Liability Issues in a VoIP Environment
The effects of 911 and wiretap regulations could put an added bite into VOIP costs
Business Communications Review
Voice over IP (VOIP) applications for enterprise customer networks have significant advantages in terms of features and functions, as well as attractive cost characteristics, which will continue to drive enterprise customer networks to VOIP for the next several years, despite some lingering regulatory uncertainty about how VOIP “fits” into the world of traditional telecommunications services.
Much of the controversy over VOIP has centered on relatively obscure issues-whether VOIP should be classified as a regulated “telecommunications service” or an unregulated “information service”; whether it can be regulated by the state public utility commissions or only by the FCC;whether the service will be accepted in other countries so that it can be used economically for international traffic; whether it is subject to the same state and federal taxes that apply to traditional communications services; and whether VOIP providers will be required to pay state and federal universal service fees and access charges, which could raise the cost of providing, and thus the price for using, the service. (For more on these topics, see this issue, pp. 10-12.)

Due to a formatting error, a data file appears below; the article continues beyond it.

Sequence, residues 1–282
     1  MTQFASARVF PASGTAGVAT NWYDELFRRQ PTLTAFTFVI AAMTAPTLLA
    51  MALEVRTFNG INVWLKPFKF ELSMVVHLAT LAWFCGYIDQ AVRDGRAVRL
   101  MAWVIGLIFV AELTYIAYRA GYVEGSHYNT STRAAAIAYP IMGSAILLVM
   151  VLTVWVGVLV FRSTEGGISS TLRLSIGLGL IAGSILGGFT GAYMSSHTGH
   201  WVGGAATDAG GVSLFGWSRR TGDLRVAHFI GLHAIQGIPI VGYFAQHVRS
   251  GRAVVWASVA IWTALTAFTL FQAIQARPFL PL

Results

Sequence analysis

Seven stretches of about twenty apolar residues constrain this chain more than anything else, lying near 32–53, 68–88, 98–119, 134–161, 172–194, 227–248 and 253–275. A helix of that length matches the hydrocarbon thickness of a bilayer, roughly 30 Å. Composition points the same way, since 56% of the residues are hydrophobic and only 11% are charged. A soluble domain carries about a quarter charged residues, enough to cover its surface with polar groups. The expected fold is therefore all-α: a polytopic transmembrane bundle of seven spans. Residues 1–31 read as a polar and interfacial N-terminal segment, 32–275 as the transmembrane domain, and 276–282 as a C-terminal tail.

But VOIP technologies also introduce some very practical legal issues that enterprise customers should keep in mind as they deploy the technology, to reduce the risk of unpleasant financial surprises down the line.